Barbados Light & Power Company (BLPC) customers can expect savings on their electricity bills as a result of lower electricity production costs when the company’s new 33 megawatt (MW) power generating facility is in full operation.
In addition, customers can expect fewer outages with the operation of the modern and more reliable plant.
The over $130 million Clean Energy Bridge (CEB), which is located at the company’s generation site in Trents, St Lucy, is expected to be commissioned by late March and go into operation “shortly after”, producing just over 27 per cent of the island’s annual energy needs.
Project Manager for the CEB project Dave Skeete said the medium-speed diesel plant is a bridging solution between fossil fuel and renewable energy for electricity production. It will replace some of the older electricity generation plants as the island transitions to becoming 100 per cent reliable on renewable energy sources.
Pointing to several factors that impact electricity prices including international oil prices, Skeete said it was difficult to say what the savings will be to the company or to customers, but explained that the new generation plant will have an impact on the fuel charge.
“In the short-term, this plant once it goes into service, will keep the production cost of electricity down by being more fuel efficient. These savings will be passed to the consumer. The plant will also be a more reliable plant. So our customers can expect fewer outages,” said Skeete.
“In the longer-term, it will serve as a back-up plant to cater for those periods when renewable sources have lower output,” he added. The clean energy plant is expected to replace some of the operations at the Spring Garden Substation and Generation Power plant.
In November 2019, the company’s approximately 130,000 customers woke up to an island-wide blackout, and while power was fully restored around 11 p.m. that same day, the next day the utility company reported that one of its large diesel engines shut down due to a stuck fuel pump overnight, leaving customer again without electricity for several hours.
In early January 2020, a more than three-hour power outage, which affected sections of St Philip, St John and St George was as a result from a fault on the distribution system at the BLPC’s Hampton, St Philip plant.
Again in December last year, it was reported that a “fault” near the company’s Spring Garden location resulted in an island-wide outage.
Making it clear that some outages could be caused by things outside the company’s control including fallen trees and accidents, Skeete noted that outages that were due to a technical issue at the power plant would be significantly less.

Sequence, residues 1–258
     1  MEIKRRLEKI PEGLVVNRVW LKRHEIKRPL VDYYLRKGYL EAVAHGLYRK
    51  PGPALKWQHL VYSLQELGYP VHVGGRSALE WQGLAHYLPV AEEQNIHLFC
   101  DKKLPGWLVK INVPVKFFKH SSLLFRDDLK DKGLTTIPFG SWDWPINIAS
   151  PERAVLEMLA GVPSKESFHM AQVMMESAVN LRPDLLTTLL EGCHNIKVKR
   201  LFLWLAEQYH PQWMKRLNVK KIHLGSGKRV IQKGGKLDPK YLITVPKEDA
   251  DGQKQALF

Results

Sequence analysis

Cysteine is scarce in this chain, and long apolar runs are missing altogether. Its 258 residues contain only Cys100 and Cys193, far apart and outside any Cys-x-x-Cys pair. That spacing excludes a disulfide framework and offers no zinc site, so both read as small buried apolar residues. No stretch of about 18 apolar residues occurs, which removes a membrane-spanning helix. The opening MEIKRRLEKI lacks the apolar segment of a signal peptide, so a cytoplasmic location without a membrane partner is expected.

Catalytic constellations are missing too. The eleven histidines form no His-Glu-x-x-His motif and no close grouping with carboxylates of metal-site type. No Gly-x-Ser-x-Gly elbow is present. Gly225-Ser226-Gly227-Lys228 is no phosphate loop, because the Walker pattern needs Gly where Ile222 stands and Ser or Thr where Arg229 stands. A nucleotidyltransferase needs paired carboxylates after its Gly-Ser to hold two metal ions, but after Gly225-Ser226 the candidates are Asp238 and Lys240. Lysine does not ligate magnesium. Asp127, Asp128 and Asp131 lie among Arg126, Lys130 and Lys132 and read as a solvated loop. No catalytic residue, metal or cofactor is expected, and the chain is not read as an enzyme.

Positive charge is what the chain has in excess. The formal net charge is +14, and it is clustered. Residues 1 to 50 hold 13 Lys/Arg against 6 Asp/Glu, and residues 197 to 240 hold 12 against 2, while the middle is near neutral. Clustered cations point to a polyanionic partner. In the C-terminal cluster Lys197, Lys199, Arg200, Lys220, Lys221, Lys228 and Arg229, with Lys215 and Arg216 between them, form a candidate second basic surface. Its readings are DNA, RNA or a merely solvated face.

“Having a more reliable plant will improve the service we provide because there will be fewer outages compared to an older plant. Occasionally, when you get outages it is because of a technical problem at one of the older plants that brings it out. With a newer plant the likelihood of that is reduced. Additionally, with this plant we have a lot of redundancy built into it,” he said.
Following the necessary studies, work on the CEB project, which is adjacent to the utility’s 10MW solar farm, started in early 2018, and was carried out by several local, regional and international contractors.
The new electricity generation plant is expected to create employment for about 26 people once operational.
Skeete said the clean energy plant was built to withstand a category five hurricane and is also able to withstand a major earthquake.
The new plant consists of several environmental safety features relating to noise pollution, emission of CO2, and fire prevention and containment. “The plant is more efficient than the older plants which it will replace, so that means that for every unit of energy that the plant produces, it uses less fuel and it would also run on a cleaner fuel than we would have been running on with our older stations. So there will be a reduction in emissions compared to an equivalent capacity of an older plant,” said Skeete.
There will be ongoing monitoring to ensure compliance for noise and emission stipulations.
The company will also monitor air quality upstream and downstream of the plant once it goes into service.
The modern facility, which is modular built, consists of an electrical room, a control room, fuel treatment house, storage tanks, mechanical and electrical workshops, a warehouse and an administration building.
Skeete said there will be ongoing training of BLPC staff operating the plant, pointing out that several training courses have already been completed.